“There are no bruises left, not that I’ve seen” – Rory Burns.
This is quite deep and gives an impression to have come straight out of a poet/philosopher’s best of creative days. But, in essence, it pretty much symbolizes the brand of cricket Rory Burns has played over the years. Tough, full of grit, ample of resilience, resistance and self-denial. Just like in cinema there are different genres of heroes that evoke varied emotions, cricket also has different sets of artists that exist to elevate our life experiences and touch us with their unique blend.
Cricket romanticizes not just a contest between bat and ball, but it’s also a vehicle to see a bigger picture in life. There lie hidden gems of parallels in small details. For Burns, he romanticizes struggle. He’s not the most gifted. His stance, technique and idiosyncrasies surely ain’t winning any aesthetics competition.
But when he’s getting hit by Pat Cummins on the same spot twice and still gutting it out, playing the patience battle, and weathering a gutsy and world-class Aussie bowling attack, he shows heart. This is Ashes. It’s akin to a war going in the name of innocuous cricket. But Burns with his weird stance and battle-hardened mind is fighting. Standing on two feet, giving every inch of what he has got. The technique might be befuddling not the fight. And it connects. It gives us goosebumps. Hope. He’s a character. Earning plaudits.
Those who have followed English cricket from close quarters and are well versed with the country’s history rate his toughness in the elite category of Ken Barrington, John Edrich and Graham Thorpe. This toughness and doggedness were central when he led Surrey to their first-ever County Championship triumph in 2018 after a gap of 16 long years. Or the reason that he was able to score runs persistently despite the tricky English tracks. The southpaw was successful in crossing 1,000 FC runs for five successive seasons between 2014-18 for his county. Or his many gritty knocks thus far in the career be it, the Edgbaston 133, Pallekele’s 59 and 43, Bridgetown’s 84, Hamilton’s 101, Manchester’s 81 or Centurion’s 84.
But just as these virtues of defiance, toughness evoke the human spirit and draw us closer to characters like Burns, there are certain frustrations that also creep in. Contrast is thrilling at times, and daredevilry more so, but only when it comes off. And this is the part of Burns that gives heartaches.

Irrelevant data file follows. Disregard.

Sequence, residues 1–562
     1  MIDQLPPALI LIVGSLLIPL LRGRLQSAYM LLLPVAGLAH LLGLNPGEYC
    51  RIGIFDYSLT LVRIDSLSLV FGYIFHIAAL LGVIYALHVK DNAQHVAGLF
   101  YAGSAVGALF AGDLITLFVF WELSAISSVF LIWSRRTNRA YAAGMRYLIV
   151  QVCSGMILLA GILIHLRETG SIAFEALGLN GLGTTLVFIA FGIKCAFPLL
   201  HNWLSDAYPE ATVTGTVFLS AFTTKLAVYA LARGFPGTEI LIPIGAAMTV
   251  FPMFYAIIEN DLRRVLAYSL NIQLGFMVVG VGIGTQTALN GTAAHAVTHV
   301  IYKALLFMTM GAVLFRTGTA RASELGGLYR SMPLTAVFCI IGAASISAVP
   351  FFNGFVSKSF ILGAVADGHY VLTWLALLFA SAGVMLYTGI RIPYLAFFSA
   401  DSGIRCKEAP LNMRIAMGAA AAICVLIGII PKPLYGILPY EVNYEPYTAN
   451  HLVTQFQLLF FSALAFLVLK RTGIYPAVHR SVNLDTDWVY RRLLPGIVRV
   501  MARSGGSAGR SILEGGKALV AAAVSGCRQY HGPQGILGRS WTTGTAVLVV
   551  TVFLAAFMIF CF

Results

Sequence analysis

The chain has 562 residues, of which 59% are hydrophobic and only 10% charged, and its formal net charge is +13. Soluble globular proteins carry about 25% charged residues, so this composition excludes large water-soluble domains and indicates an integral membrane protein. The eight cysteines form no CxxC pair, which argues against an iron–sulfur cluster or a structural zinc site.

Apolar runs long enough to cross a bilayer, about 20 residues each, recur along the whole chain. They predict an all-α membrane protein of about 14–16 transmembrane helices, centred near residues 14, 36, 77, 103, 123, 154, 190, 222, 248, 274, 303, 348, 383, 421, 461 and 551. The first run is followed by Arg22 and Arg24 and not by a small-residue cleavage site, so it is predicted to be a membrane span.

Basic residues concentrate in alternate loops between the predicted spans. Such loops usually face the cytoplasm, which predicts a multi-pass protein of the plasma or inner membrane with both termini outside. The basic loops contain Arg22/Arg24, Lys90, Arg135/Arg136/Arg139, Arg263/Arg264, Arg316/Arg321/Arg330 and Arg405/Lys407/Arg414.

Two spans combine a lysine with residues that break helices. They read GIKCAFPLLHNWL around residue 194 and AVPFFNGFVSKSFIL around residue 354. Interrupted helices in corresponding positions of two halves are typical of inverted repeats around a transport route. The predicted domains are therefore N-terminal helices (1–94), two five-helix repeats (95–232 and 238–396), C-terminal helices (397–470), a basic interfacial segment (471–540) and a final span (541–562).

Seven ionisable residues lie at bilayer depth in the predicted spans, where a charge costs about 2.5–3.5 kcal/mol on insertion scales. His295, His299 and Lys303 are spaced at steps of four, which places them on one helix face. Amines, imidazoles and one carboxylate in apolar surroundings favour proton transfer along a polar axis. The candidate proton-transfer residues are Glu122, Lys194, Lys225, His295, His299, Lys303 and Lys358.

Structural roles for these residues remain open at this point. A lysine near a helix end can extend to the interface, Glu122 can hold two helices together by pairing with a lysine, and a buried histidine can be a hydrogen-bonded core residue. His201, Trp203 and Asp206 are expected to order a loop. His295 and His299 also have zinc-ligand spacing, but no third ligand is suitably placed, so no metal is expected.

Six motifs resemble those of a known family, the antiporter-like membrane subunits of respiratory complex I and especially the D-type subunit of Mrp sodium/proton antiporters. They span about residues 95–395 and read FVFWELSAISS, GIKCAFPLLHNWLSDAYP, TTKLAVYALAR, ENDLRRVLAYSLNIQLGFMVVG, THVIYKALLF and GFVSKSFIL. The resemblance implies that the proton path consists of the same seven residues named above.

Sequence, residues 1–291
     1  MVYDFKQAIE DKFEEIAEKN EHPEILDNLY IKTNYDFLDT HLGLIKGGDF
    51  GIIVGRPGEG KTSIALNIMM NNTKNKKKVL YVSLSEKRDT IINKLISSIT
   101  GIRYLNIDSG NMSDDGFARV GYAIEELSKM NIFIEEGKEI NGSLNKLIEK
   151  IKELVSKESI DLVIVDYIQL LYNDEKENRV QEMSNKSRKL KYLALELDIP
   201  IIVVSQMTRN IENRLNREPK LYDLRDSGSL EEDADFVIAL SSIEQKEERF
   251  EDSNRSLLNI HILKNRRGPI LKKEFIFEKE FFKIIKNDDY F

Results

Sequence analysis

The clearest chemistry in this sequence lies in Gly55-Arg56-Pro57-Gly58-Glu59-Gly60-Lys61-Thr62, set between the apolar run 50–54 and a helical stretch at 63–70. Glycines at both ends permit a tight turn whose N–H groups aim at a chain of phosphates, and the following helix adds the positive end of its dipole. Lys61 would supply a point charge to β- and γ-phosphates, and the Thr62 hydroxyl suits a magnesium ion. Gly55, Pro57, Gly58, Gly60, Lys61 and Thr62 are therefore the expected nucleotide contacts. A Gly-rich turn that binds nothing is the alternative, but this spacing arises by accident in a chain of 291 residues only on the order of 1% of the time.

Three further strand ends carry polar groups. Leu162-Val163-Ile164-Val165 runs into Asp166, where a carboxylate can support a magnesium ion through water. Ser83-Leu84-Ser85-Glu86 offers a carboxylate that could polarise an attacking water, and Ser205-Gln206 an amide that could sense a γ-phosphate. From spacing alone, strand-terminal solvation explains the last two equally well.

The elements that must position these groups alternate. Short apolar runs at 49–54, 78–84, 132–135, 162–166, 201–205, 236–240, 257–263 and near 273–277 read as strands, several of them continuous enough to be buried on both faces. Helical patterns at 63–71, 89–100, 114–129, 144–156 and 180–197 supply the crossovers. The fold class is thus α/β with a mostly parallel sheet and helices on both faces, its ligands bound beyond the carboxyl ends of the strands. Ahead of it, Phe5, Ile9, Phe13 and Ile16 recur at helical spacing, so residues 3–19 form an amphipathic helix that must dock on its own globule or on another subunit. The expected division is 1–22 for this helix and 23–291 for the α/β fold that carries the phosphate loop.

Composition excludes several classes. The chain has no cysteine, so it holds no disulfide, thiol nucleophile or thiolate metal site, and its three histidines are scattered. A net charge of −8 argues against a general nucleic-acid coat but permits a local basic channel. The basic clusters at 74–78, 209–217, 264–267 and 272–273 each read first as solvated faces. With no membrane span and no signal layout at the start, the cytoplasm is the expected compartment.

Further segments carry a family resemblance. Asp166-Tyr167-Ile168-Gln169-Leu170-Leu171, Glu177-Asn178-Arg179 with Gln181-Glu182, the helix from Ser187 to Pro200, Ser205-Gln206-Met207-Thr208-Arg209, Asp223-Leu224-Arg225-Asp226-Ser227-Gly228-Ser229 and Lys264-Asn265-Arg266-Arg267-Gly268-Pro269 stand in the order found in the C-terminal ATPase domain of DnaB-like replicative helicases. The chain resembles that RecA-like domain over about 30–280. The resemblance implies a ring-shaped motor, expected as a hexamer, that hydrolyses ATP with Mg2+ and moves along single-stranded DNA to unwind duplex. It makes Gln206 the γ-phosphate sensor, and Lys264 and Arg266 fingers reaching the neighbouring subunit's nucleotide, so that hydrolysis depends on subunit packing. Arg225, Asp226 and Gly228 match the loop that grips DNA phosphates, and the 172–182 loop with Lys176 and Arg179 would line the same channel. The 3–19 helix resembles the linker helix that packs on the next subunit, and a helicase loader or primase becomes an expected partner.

Fast forward to the first session of the first Test between India and England. Burns is again back to his tough old school self. He has gone unscathed after the Bumrah-Ishant opening burst with his compact defense, precise off-stump judgement, and unflappable temperament. He’s showing decisive footwork against spinners. He has already combined in a fifty-run-stand with Sibley, a feat that no other visiting opening pair has achieved since 2017 in India. It’s a flat wicket and a chance to make it big and shine for Burns. To cash in on flat tracks after all the struggles that he has to put on tricky English surfaces. A chance to up his average. A chance to add to his centuries tally.
But his tendency of gift wrapping wicket after a spell of perseverance is starting to creep up again. He’s playing a fine sweep exposing his stumps. He’s playing slog sweeps. Suddenly, the memories of the 2019 Oval Ashes Test have started to resurface. Burns is quite a regular in not reaping the rewards for his hard work.
The Oval Test. First innings, after getting well set, making 47 off 87 putting in the hard yards, a late and strange decision to pull gets him dismissed. In the second innings of the same Test, he weathers the storm in the first 15 overs and then gives his wicket on 20 to drag down from Lyon. Similarly, last year, Southampton Test, West Indies the opponent and it’s the second innings. After getting well set on 42 off 104 seeing off 36 overs, he gifts wrap his wicket to Roston Chase’s half-tracker. He has been guilty of playing aerial shots or the ones he shouldn’t be playing unnecessarily.
Getting back to the Chennai Test, after seeing off the tough phase, getting well-set, Burns who’s more known for coming down the track to play spinners or employing conventional sweep tries to reverse-sweep R Ashwin in the first session of the first day of a Test. Now, such audacity would have been understandable if he was a good proponent of reverse-sweeps or it was his go-to-shot but as per CricViz, it was only the eighth reverse sweep Rory Burns had played in his Test career. No wonder he got out in a forgettable manner. He was in full control. Only 6% of his shots were bringing a miss or an edge – the average for all Test cricket is 15%, let alone the new ball period. He threw it away yet again. Period.
Burns has played a substantial amount of cricket. In what is his 22nd Test, and after 39 innings, his average is 32.46, which is quite a fall from his FC average of 42.18. His biggest problem has been his inability to capitalize after seeing through the testing times, which is a little bizarre. Eight times he has made scores between 25 and 50 while only twice he has been able to convert the fifties into hundreds out of 10 times. These are the things that separate good players from great ones. And for someone, who’s touted as a potential option to replace Root as England captain, there’s even a greater need to push on in big tours like India where your mettle is tested to the core.
There’s no denying the fact that Burns has been a revelation after his initial struggles and has already shown that since Andrew Strauss and Alastair Cook, Burns is the best possible option to open in a country, which struggled for openers in the last decade. But it’s about maximizing his potential, given he has everything in him to be one of the best opening batsmen in the world only if he doesn’t burn down his chances like in Chennai, Oval or Southampton.